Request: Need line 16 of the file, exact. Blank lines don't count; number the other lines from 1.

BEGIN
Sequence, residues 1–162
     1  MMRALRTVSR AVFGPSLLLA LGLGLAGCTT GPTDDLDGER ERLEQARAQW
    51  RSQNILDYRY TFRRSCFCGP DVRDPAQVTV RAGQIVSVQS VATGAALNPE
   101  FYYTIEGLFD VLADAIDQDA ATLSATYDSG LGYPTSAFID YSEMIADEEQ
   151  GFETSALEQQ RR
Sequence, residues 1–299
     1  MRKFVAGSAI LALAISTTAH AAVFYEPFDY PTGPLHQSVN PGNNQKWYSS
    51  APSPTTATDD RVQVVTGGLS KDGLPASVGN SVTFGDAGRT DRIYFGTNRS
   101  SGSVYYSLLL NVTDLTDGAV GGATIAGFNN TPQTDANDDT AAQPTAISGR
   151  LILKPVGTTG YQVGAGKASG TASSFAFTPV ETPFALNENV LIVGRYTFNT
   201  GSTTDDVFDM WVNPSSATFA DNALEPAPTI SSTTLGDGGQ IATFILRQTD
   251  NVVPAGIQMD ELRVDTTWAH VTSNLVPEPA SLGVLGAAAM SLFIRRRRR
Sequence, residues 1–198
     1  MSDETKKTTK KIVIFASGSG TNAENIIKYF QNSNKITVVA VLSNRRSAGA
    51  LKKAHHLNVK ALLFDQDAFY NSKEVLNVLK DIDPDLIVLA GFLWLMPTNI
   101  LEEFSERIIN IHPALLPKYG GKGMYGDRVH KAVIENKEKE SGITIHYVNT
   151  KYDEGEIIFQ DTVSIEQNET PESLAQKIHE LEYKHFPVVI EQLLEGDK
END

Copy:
   101  LEEFSERIIN IHPALLPKYG GKGMYGDRVH KAVIENKEKE SGITIHYVNT